Why RoboCop is the strange film companion to Wall Street
In the month that a RoboCop remake is released, it’s worth reminding ourselves of the original and why it still matters. Made in 1987, RoboCop was set in “near future” Detroit and was a sleeper hit that spawned two (pretty terrible) sequels. The original was, however, a far smarter film than it’s given credit for.
The popular subtext with RoboCop is that it’s simply a Christ analogy. Indeed, director Paul Verhoeven said in 2010 that RoboCop was a Jesus-like figure who “gets crucified in the first 50 minutes, then is resurrected.” Verhoeven even included a scene at the end where RoboCop appears to walk over water at the steel factory.
But although it’s a film about salvation it’s also an overlooked satire of Ronald Reagan’s America. Released in the same year as Wall Street, RoboCop also ruminated on the decay of American industry and threat of immoral capitalism, both legal and otherwise, in the post-industrial world. For Wall Street it was Martin Sheen’s despairing blue-collar foreman at Bluestar Airlines, while in RoboCop we saw the abandoned “Rust Belt style” factories that RoboCop and Clarence Boddicker’s gang killed and fought in.
The ultra-violence largely overshadowed this message. Frankly it’s brutal, just as many of the big action films were around that time, but without the knockabout jokiness and instead a harder edge that would take it closer to the violence of a horror film rather than something Arnold Schwarzenegger would quip his way through. It was originally given an X certificate, and cuts were made to lower it to a hard 18. But amid the gore was a fine darkly-comedic critique of American culture at that time.
The hostile takeovers of vicepresident Dick Jones and Bob Morton’s cold-blooded yuppie backstabbing his way to the top could have come straight from Wall Street, while just as in Oliver Stone’s Oscar-winning film, the little person from inside “the machine” comes through to show his humanity and do the right thing. As one of the criminal gang in RoboCop says, “There’s no better way to steal money than free enterprise” – a sentiment that is seemingly true in big business and big crime.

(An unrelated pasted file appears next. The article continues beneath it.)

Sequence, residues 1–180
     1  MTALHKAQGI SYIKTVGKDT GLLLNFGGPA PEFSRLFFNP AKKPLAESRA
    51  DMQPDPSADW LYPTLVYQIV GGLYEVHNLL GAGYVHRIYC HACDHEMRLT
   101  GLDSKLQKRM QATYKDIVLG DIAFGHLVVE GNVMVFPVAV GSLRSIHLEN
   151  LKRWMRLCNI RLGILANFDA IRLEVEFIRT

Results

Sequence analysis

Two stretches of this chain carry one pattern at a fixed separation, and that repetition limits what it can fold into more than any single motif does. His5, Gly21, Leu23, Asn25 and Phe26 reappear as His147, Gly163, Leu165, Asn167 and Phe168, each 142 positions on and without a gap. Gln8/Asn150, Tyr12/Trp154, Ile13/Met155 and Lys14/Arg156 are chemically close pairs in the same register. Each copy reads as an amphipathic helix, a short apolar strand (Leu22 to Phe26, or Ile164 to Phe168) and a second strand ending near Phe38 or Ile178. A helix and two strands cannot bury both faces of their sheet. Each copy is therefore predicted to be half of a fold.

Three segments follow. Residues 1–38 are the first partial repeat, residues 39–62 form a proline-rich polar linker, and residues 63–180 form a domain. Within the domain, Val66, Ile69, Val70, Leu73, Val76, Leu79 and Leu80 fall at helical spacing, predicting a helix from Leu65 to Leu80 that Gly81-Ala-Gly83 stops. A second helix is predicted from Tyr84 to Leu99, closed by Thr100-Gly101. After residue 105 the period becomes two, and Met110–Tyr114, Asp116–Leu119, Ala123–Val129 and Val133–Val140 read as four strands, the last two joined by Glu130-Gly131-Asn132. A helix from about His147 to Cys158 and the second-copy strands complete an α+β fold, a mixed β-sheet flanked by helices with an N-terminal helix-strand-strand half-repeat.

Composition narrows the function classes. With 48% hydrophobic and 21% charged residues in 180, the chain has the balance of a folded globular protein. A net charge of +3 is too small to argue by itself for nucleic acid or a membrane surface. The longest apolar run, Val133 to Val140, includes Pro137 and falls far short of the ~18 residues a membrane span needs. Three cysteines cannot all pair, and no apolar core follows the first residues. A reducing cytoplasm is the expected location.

Of course it’s not new for sci-fi films set in the future to comment on present fears. Just as the acid rain in Blade Runner reflects real world angst from when it was made, so the mass unemployment and drug-crime portrayed in RoboCop mirrors the crack epidemic that terrified late-’80s America. While among the corporate corruption, drugs and the flawed ideology of trickledown economics were sharp pastiches of American media shown via interspersed clips from fake TV broadcasts.
Note the tacky game shows with sex and cash (“I’d buy that for a dollar!”) and crass infotainment rolling news. Although those things are still very much with us, the reports from South Africa, where “the ruling white government may use nuclear weapons against the black insurrection” and the story about the “Starwars Peace Platform misfiring, killing hundreds in Santa Barbara” said more about fears in Reagan’s era than the supposed dystopian future portrayed onscreen. The fake adverts that followed for family board game Nukem, (where laughing family members launch nuclear weapons at their opponents) are reminders of that Cold War paranoia that haunted the decade. Just ask someone who grew up in the ’80s.
With the broad swipes at capitalism, profit imperative, and blurred morality, both RoboCop and Wall Street are products of their time and fine commentaries on the era in which they were made — the former is just overlooked because it was not set in the period. The Dutch-born Verhoeven would go on to satirise American military culture and fascism in Starship Troopers, but this, his first American feature, is an outsider’s skewed view of the Reagan years.
Strangely, it’s set to make its mark on Detroit once more as a 10-foot-tall statue of the original RoboCop is set to be unveiled in the city this summer. Although its creation started as a crowdfunding Internet campaign (raising $67,436 in just six days), it is, in its own way, a figure of redemption and resistance against corruption and a perfect totem for a city that needs that right now – a city that suffered more than most during the years of the Reagan administration.
For Esquire, February 2014
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